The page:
I stopped him, told him to hold his position, and lightly touched one of the alignment points as I had been shown. That slight touch unbalanced him.


I realized I was on to something. Using it I now had a better way to make corrections to everyone. From the rawest beginner, to the most senior students, it was a way to make them feel what I was telling them.


I was not doing anything but showing the correct way they were always shown. But now they could feel why it should be done that way. They could feel how doing it wrong could be used against them. And how misalignment could rob their technique of power.


This was not done continually, with the newer students to occasionally make a point why things were done that way.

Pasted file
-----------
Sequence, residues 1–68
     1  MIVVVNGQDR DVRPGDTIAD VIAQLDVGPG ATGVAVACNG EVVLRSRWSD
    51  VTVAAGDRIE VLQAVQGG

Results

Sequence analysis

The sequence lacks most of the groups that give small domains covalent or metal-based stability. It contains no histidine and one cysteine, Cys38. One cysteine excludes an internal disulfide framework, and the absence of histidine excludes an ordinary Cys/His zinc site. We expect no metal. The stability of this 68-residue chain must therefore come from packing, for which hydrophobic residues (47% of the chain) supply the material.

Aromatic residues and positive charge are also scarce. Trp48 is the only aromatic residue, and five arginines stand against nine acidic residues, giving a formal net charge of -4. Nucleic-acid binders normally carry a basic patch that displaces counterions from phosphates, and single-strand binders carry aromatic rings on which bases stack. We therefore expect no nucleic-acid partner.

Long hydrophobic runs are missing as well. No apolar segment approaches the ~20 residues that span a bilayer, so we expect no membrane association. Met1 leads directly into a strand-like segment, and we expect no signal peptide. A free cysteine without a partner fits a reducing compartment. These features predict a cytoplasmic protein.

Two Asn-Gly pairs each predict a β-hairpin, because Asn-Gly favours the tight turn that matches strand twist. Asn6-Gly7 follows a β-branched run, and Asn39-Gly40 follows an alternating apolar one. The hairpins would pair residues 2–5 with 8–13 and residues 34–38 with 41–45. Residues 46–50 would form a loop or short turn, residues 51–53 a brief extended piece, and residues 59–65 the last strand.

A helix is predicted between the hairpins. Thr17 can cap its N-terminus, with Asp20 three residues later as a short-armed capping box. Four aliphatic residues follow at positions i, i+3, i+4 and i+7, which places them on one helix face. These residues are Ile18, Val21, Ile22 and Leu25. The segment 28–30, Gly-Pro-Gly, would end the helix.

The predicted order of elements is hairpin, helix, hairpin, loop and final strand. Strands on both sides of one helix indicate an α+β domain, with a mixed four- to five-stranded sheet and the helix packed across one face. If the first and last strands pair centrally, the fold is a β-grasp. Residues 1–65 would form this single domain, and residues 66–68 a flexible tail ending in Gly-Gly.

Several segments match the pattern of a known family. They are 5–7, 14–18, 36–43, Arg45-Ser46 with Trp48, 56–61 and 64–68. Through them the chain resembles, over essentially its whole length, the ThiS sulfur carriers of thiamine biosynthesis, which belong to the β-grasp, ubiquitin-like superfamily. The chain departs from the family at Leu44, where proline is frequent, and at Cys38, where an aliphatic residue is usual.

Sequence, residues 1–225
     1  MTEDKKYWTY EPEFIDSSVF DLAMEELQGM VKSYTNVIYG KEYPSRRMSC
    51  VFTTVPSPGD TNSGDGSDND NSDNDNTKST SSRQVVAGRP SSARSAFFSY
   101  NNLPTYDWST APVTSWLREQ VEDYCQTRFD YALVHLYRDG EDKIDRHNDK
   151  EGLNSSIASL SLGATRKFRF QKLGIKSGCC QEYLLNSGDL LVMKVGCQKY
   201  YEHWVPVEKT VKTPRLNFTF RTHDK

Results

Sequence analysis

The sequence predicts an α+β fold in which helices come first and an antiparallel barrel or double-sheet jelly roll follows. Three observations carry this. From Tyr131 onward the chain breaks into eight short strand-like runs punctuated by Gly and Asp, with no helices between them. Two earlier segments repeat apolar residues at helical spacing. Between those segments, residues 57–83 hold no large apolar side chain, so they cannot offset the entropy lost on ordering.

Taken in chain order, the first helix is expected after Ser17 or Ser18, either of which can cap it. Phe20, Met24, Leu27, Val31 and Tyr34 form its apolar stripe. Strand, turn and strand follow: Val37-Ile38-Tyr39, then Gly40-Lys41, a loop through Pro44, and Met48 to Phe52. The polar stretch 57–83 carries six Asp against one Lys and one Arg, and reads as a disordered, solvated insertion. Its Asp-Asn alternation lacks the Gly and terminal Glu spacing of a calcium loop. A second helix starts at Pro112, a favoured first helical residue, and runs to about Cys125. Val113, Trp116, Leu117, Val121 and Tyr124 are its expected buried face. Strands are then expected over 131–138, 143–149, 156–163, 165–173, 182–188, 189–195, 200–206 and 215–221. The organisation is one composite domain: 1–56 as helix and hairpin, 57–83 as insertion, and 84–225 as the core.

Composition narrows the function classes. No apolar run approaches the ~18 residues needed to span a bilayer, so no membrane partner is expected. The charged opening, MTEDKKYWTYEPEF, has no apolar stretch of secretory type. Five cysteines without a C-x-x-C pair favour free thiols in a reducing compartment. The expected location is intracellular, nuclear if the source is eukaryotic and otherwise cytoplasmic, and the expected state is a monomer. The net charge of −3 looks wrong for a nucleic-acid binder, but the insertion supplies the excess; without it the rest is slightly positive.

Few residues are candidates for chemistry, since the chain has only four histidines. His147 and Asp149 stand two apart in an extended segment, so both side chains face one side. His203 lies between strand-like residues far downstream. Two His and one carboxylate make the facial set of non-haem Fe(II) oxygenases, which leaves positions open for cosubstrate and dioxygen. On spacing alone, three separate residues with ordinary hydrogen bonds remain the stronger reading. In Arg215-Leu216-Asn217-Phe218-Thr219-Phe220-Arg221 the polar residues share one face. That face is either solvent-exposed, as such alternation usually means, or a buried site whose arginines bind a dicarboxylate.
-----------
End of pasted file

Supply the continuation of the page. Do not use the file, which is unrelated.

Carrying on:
Then as a tool for dans to understand how to improve themselves.


I learnt it for my tai chi, but found it useful in my karate instruction.


Then further reflection I came to realize every system had their own alignment. It became a way I could evaluate other performances, even ones where I did not know the form.


Simply stated if the alignment shown for a technique shown could be attacked because it showed incorrect, then that performance was less perfect. If they showed more alignment with their technique, Then they were moving toward more perfect performance.


I was not judging tournaments anymore, but I did observe what others were doing.


A small example. The newer trends were newer created forms showcasing the performers strengths. I observed many might place their power in their kicks, but just throw out powerless strikes, for movement flow. Those strikes often without power. Alignment theory heightened where they were incorrect.


 But further thought went into it. If they had weaker techniques because of misalignment, the flip side was those misalignment points were also the places open to strong attack to demolish what they offered.